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Q. "What do you mean when you say the pipe must be restrained?"
A. Unlike threaded fittings, compression fittings can seal properly but still slip out of position as a result of internal pressure forces on a pipe. The compression joints provide a positive seal but do not restrain pipe from thrusts and movement under pressure. Proper installation of a compression joint requires blocking and/or strapping of the pipe to prevent any movement.
Q. "When are these sorts of fittings used?"
A. Compression couplings and tees (also known as "Dresser" fittings) are designed to be used for quick connections, system modifications or repairs. Most commonly these are used for repairing sections of old galvanized pipe where it's too difficult to thread the pipe ends. Some municipalities have regulations about where and when bronze compression fittings can be used, so double check with your local inspector.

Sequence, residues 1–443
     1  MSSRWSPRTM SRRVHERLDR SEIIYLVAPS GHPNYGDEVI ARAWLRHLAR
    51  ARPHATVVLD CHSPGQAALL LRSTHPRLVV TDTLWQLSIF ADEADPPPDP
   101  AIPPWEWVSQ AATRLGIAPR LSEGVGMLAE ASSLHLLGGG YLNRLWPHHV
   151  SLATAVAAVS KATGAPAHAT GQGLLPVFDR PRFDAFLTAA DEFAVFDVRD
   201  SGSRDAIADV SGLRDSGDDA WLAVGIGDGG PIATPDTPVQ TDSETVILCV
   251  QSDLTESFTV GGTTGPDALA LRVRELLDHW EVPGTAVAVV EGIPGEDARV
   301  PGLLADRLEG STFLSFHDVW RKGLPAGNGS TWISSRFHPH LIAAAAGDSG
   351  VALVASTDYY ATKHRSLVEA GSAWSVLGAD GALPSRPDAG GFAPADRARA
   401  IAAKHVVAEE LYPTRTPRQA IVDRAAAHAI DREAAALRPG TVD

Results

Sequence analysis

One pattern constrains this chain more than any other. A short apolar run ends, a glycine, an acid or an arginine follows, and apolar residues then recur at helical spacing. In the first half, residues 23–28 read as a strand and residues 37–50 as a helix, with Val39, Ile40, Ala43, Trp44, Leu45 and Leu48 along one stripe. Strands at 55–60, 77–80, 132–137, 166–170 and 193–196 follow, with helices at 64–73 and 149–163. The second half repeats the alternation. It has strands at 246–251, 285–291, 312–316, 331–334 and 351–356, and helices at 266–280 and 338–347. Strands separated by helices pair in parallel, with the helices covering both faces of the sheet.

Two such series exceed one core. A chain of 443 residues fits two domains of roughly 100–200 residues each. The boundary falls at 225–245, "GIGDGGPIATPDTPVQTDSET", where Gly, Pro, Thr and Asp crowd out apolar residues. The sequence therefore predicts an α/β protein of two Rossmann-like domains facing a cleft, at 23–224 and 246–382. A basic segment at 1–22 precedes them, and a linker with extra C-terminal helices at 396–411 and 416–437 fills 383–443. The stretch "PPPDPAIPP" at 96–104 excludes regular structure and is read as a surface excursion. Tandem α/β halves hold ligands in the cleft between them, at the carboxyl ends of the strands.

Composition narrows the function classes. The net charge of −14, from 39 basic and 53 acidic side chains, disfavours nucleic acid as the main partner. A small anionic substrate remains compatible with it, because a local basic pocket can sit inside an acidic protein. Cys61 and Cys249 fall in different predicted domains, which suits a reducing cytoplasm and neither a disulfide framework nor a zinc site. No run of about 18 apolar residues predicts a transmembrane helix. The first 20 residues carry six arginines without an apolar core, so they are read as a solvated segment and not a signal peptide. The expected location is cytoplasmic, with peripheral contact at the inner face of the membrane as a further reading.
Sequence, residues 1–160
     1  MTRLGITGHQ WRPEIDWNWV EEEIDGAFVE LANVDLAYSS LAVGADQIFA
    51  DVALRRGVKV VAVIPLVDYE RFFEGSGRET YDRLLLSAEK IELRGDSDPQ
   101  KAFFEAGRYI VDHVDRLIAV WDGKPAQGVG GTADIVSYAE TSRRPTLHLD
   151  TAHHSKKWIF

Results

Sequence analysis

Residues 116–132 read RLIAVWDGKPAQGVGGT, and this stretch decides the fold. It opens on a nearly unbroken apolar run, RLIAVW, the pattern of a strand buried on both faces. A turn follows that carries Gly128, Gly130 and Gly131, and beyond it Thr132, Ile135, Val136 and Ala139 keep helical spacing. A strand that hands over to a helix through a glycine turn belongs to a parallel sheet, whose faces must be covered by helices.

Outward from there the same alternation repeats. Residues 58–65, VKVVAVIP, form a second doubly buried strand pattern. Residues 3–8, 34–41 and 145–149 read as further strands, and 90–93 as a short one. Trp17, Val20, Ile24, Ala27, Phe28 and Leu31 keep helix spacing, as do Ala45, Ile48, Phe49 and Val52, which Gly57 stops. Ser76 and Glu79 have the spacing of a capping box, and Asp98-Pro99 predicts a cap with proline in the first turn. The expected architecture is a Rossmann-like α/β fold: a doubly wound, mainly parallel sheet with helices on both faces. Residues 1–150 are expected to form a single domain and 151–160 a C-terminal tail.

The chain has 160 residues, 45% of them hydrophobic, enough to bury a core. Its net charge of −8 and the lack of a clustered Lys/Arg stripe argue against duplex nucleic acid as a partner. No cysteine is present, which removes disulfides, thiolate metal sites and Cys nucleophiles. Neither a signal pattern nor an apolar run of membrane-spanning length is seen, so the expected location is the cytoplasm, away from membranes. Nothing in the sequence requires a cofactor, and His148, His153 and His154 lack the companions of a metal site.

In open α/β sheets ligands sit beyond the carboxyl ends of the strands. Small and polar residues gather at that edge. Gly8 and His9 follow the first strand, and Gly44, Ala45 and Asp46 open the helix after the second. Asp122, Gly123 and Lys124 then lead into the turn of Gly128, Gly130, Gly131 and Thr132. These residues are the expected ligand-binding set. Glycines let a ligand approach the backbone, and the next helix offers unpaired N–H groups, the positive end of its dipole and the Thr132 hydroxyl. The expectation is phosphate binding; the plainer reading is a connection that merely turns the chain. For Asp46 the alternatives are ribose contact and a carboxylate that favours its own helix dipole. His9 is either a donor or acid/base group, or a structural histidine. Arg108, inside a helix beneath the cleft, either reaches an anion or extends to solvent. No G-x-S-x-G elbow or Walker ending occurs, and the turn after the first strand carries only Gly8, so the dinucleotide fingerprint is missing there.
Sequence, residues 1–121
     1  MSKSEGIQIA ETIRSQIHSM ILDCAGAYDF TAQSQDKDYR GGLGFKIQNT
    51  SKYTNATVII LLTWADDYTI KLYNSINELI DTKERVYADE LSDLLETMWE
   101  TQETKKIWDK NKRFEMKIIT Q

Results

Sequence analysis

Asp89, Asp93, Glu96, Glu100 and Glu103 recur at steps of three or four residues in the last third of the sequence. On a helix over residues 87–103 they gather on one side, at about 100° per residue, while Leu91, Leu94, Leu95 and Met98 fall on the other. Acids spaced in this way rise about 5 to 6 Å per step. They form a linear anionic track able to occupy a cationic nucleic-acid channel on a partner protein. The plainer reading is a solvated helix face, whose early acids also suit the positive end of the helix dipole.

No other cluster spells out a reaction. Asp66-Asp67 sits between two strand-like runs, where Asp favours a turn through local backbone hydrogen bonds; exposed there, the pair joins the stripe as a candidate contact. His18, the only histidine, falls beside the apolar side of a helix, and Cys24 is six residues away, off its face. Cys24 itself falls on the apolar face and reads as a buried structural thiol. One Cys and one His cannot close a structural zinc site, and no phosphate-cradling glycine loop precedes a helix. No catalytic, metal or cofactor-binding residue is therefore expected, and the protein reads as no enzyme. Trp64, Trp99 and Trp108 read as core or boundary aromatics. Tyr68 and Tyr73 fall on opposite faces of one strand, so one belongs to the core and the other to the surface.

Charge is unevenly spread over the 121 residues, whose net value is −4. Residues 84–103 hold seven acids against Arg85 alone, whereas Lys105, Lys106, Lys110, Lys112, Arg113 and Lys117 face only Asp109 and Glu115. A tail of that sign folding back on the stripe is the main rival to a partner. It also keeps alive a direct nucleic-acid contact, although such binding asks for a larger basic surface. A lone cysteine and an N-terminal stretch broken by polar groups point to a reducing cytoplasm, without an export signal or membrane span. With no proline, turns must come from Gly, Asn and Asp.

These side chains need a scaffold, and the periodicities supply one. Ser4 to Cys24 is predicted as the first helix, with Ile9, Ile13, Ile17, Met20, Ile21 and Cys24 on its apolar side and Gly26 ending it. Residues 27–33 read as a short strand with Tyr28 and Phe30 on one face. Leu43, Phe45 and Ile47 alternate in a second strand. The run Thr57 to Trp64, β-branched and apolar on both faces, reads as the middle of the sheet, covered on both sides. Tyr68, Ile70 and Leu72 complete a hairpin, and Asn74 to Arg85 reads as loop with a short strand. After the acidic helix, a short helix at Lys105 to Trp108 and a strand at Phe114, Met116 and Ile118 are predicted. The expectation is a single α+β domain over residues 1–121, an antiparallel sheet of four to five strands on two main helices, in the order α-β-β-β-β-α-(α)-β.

Q. "Why are some of these fittings, valves, and nipples not for potable water?"
A. Starting January 1st of 2010, California and Vermont enacted new low lead laws. Effective January 2014, our U.S. Congress also passed the Reduction of Lead in Drinking Water Act (public law P.L. 111-380) which revised the Safe Drinking Water Act definition of lead free to mean 0.25% or less (weighted average) in pipes and fixture fittings used for potable water. Before then these top quality brass products were legal for potable water and used throughout the world and actually contain much less lead than products manufactured before the 1980's.
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